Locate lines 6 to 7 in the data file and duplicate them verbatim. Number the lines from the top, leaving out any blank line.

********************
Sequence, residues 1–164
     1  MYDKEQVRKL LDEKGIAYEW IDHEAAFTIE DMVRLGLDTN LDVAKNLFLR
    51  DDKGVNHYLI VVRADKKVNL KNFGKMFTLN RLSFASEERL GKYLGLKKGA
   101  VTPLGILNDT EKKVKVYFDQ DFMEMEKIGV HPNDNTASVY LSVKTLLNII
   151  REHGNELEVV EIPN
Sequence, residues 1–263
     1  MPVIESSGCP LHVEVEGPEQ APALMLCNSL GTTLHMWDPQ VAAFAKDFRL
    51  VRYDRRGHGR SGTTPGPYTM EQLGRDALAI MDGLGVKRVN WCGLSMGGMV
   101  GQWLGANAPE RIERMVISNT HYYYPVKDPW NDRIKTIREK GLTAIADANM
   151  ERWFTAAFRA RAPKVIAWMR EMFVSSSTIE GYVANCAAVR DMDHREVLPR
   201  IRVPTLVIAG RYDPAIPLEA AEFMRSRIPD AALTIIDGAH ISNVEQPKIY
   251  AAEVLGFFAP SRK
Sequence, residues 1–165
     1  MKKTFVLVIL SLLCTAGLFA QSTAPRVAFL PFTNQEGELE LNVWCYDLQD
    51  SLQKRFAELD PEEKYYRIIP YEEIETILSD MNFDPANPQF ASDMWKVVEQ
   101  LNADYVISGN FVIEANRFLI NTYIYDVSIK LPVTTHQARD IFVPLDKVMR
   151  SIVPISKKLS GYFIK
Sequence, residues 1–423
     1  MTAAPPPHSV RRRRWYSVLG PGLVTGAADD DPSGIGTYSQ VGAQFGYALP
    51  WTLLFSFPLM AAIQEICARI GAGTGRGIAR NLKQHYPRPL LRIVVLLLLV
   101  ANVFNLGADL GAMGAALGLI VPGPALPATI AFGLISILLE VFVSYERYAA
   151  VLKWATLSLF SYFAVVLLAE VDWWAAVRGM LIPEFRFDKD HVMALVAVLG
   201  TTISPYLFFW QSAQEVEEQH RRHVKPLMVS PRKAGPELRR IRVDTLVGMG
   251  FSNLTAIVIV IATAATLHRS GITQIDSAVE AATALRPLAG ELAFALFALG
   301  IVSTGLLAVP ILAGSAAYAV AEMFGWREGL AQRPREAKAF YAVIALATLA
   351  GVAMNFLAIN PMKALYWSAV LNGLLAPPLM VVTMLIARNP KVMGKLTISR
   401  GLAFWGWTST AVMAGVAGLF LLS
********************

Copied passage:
Sequence, residues 1–263
     1  MPVIESSGCP LHVEVEGPEQ APALMLCNSL GTTLHMWDPQ VAAFAKDFRL